Powers takes it one step further, by stressing that athletes should only utilize certified products and not rely on word of mouth or the assurances of a retail clerk when it comes to purchasing products, including those labeled as organic or “FDA approved.” The FDA does not approve supplements, nor does the NCAA. Athletes should avoid products making these claims as they are commonly found to either be adulterated or contain harmful and/or banned ingredients.

Making Time for Supplement Education
As might be expected of coaches in an academic setting, the overall focus when asked about how to improve conditions was often the most obvious one: increase education. Coaches stressed the importance of educating student-athletes about reading and understanding product labels and looking for products that have been certified by an independent organization. According to Fearn, “The biggest challenge in teaching athletes about supplements is providing the educational structure needed to best inform them of the safety and compliance of supplements.”

“It means we have to make the time to educate them. We focus a lot on areas of health and well-being, but we haven’t addressed supplements,” said Robles. “I think just as we’re charged with creating an environment of compliance, we’re also charged with creating an environment in which we promote healthy habits as it relates to nutrition, fuel and supplements.”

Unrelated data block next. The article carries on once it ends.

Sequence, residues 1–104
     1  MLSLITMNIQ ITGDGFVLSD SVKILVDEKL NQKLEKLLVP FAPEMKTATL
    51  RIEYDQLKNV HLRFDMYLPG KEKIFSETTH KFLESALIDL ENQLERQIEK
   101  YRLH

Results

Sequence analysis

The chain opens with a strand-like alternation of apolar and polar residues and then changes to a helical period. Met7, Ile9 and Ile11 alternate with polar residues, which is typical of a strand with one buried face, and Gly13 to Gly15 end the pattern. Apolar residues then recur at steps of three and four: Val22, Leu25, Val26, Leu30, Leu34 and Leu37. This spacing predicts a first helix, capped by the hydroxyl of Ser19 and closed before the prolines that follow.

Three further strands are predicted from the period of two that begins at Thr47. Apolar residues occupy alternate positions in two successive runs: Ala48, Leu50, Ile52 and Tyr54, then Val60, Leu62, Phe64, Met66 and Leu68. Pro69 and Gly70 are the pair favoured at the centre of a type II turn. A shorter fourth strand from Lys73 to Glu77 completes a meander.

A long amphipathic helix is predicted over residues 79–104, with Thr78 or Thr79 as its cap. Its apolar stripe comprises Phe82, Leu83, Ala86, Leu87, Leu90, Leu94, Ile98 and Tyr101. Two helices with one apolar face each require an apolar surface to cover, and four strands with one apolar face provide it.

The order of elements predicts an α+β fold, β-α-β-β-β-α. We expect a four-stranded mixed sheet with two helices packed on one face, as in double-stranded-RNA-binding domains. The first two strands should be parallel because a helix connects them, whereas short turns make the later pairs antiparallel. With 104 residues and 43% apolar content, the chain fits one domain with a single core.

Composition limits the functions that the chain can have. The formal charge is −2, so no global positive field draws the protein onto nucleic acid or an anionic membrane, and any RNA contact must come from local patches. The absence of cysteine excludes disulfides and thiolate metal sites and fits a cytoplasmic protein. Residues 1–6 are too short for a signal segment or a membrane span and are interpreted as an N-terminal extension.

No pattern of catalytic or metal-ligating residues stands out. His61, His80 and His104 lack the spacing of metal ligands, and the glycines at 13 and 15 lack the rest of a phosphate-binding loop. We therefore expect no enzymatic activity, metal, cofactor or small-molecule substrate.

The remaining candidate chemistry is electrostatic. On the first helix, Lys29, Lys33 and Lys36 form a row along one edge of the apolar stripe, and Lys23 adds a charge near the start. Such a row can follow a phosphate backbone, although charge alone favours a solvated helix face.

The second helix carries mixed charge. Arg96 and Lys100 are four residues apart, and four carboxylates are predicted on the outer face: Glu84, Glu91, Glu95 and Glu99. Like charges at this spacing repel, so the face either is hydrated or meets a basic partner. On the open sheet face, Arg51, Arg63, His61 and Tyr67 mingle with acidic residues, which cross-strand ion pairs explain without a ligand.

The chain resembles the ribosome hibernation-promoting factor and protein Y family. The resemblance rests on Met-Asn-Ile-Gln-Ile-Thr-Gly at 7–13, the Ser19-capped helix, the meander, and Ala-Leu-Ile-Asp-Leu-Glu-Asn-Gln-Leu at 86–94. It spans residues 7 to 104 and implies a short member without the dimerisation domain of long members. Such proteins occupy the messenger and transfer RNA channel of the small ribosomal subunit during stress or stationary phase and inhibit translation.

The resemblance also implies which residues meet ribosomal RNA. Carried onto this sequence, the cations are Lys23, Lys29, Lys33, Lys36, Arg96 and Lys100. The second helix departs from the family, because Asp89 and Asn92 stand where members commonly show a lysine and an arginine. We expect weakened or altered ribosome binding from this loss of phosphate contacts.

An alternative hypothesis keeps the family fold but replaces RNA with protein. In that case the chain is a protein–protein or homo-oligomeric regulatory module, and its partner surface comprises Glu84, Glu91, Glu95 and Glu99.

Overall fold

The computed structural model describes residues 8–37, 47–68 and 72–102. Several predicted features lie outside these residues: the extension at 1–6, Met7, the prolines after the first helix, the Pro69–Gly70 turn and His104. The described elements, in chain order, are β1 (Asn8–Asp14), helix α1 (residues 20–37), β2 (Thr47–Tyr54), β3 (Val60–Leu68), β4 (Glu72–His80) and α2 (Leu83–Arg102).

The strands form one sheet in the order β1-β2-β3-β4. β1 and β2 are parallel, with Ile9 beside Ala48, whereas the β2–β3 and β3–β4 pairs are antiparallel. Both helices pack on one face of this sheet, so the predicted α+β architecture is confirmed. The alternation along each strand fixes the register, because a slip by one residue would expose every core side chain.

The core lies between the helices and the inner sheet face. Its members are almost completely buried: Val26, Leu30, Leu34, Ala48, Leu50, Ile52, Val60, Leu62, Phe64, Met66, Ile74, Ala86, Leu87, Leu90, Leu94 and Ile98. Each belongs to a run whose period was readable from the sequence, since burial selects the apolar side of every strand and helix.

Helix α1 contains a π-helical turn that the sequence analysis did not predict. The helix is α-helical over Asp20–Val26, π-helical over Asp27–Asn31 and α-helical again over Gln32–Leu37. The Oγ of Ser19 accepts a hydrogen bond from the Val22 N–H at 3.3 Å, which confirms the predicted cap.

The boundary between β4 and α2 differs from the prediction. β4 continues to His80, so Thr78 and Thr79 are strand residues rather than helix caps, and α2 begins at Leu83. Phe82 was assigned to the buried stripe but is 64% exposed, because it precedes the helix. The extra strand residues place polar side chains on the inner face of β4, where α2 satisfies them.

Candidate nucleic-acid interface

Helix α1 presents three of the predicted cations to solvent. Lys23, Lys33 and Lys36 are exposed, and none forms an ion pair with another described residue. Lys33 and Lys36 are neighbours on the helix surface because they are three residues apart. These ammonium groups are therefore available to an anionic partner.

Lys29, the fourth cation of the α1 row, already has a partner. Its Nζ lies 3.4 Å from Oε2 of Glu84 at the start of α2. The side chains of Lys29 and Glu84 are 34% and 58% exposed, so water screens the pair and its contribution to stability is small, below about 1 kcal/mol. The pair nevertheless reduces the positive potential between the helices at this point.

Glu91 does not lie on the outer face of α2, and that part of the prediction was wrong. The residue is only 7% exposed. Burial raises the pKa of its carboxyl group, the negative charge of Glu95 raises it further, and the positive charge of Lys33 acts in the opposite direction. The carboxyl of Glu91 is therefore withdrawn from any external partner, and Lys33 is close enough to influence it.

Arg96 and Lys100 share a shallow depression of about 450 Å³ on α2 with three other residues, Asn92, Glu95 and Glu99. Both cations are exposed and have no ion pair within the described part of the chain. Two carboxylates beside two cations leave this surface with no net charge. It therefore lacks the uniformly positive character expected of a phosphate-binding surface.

Dana Leenheer is the Technical Scheme Manager for Dietary Supplements at NSF International, focused on the NSF Certified for Sport certification. Prior to NSF International, Leenheer acted as a Therapeutic Use Exemption and Drug Reference Program Lead for the U.S. Anti-Doping Agency.
 

References:

1. National Collegiate Athletic Association (NCAA) website. “Dietary Supplement” page. Accessed at: http://www.ncaa.org/sport-science-institute/dietary-supplements.